NEW YORK — New York--Maybe it is a pipe dream.
Television hasn't had a successful variety program since -- well, since "The Carol Burnett Show," and here's Carol trying to launch a successful variety program. At least it has a proven name.
"The Carol Burnett Show" premieres at 9 tonight on CBS (Channel 11), 13 years after the network closed it the first time. The time slot is hardly the best. The network has had a hard time drawing flies Fridays. It has banished its new 8-to-9 p.m. shows -- "Brooklyn Bridge" to Wednesdays and "Princesses" to nowhere -- naming no permanent replacements. Its 10 p.m. program, "Palace Guard," has gone on hiatus after two whole broadcasts.
Will her show, the last regular new program of the season, get a fair shake?
bTC "I don't care," said Ms. Burnett. "Seven or eight years ago, I reached a point in my life where I can let go of things over which I have no control." She's in it for the fun and the challenge. Let the network executives worry about the ratings.
Things were different when she left home for New York in 1954. She was the one worried about success, but her mother and grandmother never gave it a thought. More concerned with her safety in the big city than her show-biz career, "they thought the whole thing was a pipe dream," Ms. Burnett said. Two years later she started appearing on "The Garry Moore Show" and "The Ed Sullivan Show." "Then, my grandmother told everybody it was her idea."
Ms. Burnett made these comments at a little lunch CBS staged for her. She is a raconteuse par excellence, pushing the fine points of her new show, telling stories about the old days. Most of it's a script, repeated in such a way that it sounds spontaneous until you hear it again or read it later.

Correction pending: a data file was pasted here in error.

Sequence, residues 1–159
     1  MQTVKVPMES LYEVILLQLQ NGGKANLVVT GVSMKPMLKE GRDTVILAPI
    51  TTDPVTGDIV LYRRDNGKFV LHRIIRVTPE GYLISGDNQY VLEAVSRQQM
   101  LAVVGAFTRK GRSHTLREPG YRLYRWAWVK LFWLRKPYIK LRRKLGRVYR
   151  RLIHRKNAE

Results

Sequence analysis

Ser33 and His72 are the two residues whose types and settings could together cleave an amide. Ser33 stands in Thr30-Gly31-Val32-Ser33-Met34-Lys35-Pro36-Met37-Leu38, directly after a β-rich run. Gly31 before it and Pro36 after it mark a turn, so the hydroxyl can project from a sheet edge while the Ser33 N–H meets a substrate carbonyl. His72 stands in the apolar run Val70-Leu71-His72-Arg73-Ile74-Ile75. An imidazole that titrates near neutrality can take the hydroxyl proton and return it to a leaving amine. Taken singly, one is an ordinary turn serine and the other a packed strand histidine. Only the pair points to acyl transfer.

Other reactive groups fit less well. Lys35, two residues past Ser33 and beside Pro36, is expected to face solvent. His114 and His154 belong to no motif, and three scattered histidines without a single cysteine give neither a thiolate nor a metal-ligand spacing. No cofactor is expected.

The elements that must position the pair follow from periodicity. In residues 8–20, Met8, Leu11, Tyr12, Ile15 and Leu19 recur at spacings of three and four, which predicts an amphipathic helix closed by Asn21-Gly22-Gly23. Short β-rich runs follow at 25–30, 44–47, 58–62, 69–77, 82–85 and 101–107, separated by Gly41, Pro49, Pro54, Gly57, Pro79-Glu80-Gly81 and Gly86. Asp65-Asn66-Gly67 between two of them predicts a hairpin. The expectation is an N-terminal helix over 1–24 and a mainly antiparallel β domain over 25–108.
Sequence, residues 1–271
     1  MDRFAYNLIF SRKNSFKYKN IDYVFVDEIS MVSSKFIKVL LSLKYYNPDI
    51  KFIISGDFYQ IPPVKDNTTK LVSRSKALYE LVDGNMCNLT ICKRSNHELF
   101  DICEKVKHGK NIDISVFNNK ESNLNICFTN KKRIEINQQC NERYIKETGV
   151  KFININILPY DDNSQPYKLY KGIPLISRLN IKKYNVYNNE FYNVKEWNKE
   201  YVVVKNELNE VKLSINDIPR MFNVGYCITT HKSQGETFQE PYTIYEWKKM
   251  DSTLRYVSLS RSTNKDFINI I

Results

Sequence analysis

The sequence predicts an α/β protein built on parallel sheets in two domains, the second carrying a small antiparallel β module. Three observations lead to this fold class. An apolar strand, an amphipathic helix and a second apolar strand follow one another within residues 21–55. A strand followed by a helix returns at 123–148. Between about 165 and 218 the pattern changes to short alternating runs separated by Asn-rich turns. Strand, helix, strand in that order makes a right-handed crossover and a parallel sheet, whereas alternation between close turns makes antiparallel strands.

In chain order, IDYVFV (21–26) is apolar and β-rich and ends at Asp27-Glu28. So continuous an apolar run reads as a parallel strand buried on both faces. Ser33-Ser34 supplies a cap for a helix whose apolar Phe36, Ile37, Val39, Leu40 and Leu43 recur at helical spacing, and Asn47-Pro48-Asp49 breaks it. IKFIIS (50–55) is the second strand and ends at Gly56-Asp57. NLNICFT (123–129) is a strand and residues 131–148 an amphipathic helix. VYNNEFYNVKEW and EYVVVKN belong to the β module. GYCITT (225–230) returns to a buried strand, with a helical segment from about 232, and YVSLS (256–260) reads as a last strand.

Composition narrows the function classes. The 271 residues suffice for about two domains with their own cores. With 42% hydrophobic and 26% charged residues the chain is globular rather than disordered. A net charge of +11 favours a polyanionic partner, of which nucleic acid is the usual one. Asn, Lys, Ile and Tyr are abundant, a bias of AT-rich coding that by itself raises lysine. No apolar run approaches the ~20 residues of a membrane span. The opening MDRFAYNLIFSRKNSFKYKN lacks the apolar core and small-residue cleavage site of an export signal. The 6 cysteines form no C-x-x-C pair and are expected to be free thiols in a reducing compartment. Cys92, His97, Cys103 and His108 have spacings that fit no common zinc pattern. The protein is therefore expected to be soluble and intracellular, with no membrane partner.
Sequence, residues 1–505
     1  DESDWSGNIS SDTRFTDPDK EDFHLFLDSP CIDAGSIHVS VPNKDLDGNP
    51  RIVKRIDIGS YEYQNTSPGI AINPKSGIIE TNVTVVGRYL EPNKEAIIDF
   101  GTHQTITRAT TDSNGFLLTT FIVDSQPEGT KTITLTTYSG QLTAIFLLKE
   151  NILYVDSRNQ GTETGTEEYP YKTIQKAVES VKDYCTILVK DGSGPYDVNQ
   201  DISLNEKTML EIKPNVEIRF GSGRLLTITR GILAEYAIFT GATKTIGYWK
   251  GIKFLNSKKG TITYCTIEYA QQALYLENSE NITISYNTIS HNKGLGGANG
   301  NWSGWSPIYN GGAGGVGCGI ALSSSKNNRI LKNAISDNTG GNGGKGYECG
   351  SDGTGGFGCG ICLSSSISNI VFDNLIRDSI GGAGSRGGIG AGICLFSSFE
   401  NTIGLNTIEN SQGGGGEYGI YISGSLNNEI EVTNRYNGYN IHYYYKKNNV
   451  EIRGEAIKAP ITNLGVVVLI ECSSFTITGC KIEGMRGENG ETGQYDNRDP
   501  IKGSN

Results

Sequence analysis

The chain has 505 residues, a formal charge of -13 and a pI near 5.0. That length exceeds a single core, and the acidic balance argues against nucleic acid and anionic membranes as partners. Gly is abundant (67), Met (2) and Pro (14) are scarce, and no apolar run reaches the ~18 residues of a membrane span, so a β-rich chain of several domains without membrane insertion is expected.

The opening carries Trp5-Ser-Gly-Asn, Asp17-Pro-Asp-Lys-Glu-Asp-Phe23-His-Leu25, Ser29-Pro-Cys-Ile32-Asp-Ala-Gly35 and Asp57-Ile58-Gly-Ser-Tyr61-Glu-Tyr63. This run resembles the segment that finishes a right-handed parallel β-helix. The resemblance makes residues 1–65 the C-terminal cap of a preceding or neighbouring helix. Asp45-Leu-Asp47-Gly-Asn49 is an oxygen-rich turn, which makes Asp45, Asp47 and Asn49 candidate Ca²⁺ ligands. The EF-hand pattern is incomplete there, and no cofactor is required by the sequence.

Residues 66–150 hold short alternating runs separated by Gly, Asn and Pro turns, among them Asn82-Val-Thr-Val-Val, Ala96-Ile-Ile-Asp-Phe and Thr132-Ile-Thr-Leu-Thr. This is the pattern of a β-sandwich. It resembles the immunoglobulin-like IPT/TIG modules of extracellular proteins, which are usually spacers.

But when that happens, there's little lost. It is her script, every word. Who knows? If anybody can revive variety, it will be this sublimely talented 58-year-old girl next door.
From the little bit shown to critics, the new "Carol Burnett Show" seems pretty much a continuation: a little music, lots of jokes and sketches with guest stars, and a resident company of cut-ups that includes two carry-overs, Richard Kind and Megan Fay, from last season's "Carol and Company" on NBC, as well as Jessica Lundy, who last year played the perky reporter opposite Edward Woodward on "Over My Dead Body.
Just as she did for 11 years in the late '60s and '70s, Ms. Burnett will answer audience questions at the beginning of the show and get guests' autographs at the end.
Some of her visitors in the first couple of weeks will be B. B. King, Tony Roberts, Martin Short, Robert Townsend and Delta Burke. Tim Conway plans to drop by for one of the last of the 13 episodes CBS has ordered so far.
"People say, 'You're going back,' " Ms. Burnett said. "But this is what I do."
She's especially happy to return to CBS Stage 33, more of a theater than a TV studio. "It's the best stage in television. It's more of a mom- and-pop feeling. . . . It's a hot little house."
And she'll keep things hot by avoiding the constant reworking of scenes and extensive post-production effort that she thinks makes most "live-audience" shows seem like dead fish.
"The mentality is always, 'We'll fix it in [post-production],' and it gets to be 1 or 2 in the morning. It's like a telethon. . . . The liveness is what I want to get back, so that it's OK to forget a line and it's OK if you drop something and have to pick it up and cover."